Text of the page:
In the event that you are stopped by a Police Officer it is important to know your rights and be informed about the situation you are in. Often, a Police Officer will not stop or question someone else they are suspicious of what that person has or will do.
Stop and Search
The police have the general power to stop you in the street, ask you your name, address, where you have been and where you are going. This can often happen late at night. You do not have to answer the police officer but it is in your interest to answer. If you are rude or run away the police officer may get suspicious.
If you are stopped you are entitled to know the police officer’s name, which station they come from and why they have stopped you. The officer must have reasonable grounds for stopping and/or searching you. This means the police must have seen you doing something suspicious or there must have been something about your behaviour which is suspicious, or they must have received a “tip-off” (someone has given them some information about you or raised a concern).
In order to search you the police must have reasonable grounds to suspect they will find something which has been stolen or which is illegal. This could be drugs or an offensive weapon or something which you might use to commit an offence.
If you are aged 17 or over you can volunteer to let the police search you.
If you are aged 16 or under an ‘appropriate’ adult e.g. your parent or carer, can volunteer to let you be searched. In some special situations, like events, e.g. a football match, a gig, etc, you can be searched without a reason.
You can be searched while you are in a public place, including shopping centers and cinemas. Police can search anything you are carrying or a vehicle that you are in or which is yours. The police can search your house if they have reason to believe that they might find someone who has committed an arrestable offence or to look for evidence in connection with this; or they have a warrant or permission from a court; or to catch an escaped prisoner or save life or prevent serious property damage or to prevent some kind of disturbance.
If the police want you to remove more than your outer clothing, e.g. a coat or jacket, then this must be done out of the public view. You also have the right to request that this is done by an officer of the same sex as you.
A written record must be kept if you are searched and it should include details such as, the reason for the search, what was being looked for, time, date and location of the search as well as the name of the officer that conducted the search, the results of the search and any damage to your property. You have the right to ask for a copy of the report up to one year after it has been written.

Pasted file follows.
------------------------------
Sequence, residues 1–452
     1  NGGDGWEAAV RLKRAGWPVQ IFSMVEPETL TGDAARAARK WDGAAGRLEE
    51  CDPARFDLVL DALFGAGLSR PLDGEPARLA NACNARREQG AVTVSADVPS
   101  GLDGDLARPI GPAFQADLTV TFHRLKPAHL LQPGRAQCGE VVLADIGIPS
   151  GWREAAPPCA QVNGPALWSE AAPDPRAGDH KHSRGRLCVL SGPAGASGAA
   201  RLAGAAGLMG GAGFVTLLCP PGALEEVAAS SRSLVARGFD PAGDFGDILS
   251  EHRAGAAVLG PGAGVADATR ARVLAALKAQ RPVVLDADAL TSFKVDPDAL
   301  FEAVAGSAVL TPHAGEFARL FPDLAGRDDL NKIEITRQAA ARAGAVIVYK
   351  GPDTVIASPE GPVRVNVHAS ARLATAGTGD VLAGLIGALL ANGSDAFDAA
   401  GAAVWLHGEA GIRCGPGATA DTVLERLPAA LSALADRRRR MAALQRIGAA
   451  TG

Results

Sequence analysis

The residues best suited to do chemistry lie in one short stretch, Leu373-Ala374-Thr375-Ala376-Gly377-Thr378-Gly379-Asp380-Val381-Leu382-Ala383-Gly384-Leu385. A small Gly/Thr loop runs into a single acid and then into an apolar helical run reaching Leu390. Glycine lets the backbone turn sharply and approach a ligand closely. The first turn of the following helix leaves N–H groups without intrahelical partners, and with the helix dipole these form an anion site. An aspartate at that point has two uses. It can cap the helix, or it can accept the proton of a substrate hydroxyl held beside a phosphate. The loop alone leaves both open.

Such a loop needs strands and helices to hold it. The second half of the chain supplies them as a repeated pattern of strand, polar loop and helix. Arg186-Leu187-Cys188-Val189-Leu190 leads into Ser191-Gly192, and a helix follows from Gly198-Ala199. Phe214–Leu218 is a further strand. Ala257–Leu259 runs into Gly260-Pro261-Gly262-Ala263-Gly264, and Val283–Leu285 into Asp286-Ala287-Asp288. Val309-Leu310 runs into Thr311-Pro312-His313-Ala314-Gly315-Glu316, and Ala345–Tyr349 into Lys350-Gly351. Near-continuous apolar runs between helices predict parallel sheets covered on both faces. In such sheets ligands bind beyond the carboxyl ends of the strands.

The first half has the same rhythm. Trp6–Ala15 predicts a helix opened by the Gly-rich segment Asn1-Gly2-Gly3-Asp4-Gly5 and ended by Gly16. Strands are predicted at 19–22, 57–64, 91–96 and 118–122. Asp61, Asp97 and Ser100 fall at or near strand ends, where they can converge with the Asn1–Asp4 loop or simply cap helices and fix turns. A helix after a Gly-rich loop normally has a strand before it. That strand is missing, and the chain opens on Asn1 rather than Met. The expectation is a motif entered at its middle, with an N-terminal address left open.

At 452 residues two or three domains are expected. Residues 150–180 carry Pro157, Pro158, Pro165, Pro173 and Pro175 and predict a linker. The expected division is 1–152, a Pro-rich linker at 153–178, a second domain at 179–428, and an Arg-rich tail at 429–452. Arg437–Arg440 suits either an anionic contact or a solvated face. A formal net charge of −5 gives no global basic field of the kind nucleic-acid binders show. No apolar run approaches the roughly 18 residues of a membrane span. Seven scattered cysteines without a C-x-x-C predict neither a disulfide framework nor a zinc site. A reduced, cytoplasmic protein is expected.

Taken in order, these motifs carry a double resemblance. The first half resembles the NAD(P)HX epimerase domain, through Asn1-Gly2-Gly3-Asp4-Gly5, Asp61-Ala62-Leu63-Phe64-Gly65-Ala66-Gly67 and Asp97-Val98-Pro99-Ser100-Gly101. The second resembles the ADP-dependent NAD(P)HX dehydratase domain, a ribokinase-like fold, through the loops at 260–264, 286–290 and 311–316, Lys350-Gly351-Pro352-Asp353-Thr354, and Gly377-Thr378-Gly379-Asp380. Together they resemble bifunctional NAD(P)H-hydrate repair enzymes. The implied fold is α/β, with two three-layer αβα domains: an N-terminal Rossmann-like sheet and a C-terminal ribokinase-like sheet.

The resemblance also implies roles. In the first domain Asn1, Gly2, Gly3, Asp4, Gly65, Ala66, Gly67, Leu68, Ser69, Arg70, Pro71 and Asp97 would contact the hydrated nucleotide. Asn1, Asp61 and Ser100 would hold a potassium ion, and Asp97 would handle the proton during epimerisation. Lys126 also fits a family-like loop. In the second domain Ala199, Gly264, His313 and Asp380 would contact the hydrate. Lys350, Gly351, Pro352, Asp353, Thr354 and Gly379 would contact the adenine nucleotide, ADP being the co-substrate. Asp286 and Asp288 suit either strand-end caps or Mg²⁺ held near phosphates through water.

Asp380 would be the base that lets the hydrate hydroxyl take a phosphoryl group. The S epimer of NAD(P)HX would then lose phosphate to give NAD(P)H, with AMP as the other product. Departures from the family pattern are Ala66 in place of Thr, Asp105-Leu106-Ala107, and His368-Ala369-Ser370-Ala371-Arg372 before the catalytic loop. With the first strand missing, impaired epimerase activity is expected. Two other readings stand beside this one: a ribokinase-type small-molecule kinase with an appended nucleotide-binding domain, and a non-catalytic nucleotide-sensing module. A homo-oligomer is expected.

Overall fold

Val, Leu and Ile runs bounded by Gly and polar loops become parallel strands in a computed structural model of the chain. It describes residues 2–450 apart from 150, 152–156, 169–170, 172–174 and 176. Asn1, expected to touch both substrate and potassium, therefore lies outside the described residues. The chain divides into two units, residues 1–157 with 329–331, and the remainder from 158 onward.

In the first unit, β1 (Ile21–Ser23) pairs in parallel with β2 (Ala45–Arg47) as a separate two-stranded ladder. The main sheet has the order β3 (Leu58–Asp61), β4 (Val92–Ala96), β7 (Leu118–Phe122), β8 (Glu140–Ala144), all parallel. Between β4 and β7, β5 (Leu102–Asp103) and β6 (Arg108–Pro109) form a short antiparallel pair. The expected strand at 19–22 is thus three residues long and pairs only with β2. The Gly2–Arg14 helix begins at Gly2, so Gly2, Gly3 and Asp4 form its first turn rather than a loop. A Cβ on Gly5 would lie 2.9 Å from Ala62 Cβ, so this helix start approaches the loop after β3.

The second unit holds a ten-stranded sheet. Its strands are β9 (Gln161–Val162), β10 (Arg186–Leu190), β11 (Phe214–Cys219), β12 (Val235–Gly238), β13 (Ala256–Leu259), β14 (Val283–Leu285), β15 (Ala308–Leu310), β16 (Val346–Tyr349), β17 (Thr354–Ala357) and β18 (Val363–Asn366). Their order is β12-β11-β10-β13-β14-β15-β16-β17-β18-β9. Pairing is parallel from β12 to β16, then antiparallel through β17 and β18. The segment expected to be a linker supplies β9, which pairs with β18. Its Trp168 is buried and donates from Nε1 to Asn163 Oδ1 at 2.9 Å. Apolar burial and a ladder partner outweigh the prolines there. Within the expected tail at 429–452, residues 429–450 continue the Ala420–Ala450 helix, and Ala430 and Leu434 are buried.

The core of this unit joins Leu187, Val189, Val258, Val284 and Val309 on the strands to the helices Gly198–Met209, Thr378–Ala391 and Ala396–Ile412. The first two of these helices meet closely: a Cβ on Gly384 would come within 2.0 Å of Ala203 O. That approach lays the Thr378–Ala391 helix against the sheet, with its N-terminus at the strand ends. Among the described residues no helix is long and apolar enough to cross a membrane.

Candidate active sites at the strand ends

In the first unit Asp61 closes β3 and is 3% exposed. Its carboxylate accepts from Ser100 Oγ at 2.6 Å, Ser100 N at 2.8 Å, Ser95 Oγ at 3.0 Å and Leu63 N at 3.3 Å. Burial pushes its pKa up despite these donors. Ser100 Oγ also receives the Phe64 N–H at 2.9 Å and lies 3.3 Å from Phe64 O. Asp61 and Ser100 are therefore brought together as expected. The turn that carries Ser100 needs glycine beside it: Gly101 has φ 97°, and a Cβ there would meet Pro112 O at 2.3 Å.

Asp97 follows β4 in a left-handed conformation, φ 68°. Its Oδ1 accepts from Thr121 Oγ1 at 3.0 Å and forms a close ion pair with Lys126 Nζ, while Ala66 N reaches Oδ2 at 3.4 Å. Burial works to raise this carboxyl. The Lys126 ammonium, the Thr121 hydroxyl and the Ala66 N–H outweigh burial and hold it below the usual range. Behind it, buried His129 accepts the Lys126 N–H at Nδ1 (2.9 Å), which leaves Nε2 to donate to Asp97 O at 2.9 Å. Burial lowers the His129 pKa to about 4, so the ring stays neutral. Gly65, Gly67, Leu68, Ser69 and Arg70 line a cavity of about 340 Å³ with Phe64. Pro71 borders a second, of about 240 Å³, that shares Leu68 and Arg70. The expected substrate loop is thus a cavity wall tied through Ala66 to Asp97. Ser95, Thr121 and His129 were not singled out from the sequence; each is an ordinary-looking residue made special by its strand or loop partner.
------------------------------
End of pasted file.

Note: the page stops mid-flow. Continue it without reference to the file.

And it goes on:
If the police suspect that you have committed a crime they will arrest you. Once you have been arrested you will lose certain freedoms but you will still have certain rights these include;
- The right to be told by the police what you’ve been arrested for
- You have the right for someone to be notified that you have been arrested.
- If you are under 17 and are detained by the police, an appropriate adult, usually your parent or guardian should be informed as soon as possible. The police should not arrest you until your parent is present, unless a delay would mean immediate risk or harm to someone, or serious loss or damage to property.
- You have the right to see a solicitor in private. If you cannot afford a solicitor or have no idea how to contact one then one will be provided for you
- You have the right to be treated humanely and with respect
- You have the right to choose not to say anything once you have been arrested i.e. you have the right to silence
Once you have been arrested the police can only detain you for a certain amount of time, usually 24 hours, but if the offence is serious this can be extended to 36 hours. The police can apply to a magistrate’s court and have the time extended to 96 hours. At the end of this time you would normally be charged or released.
When you have been arrested and charged with an offence there will usually be a time delay before your case is heard in court or you get a reprimand or a final warning. During this time you can be kept on remand in a secure institution or you may be given bail.
There are two types of bail:
Unconditional Bail this means you can go home and continue with your normal life until your case is heard in court or you get a reprimand or final warning.
Conditional Bail has specified conditions, these can include: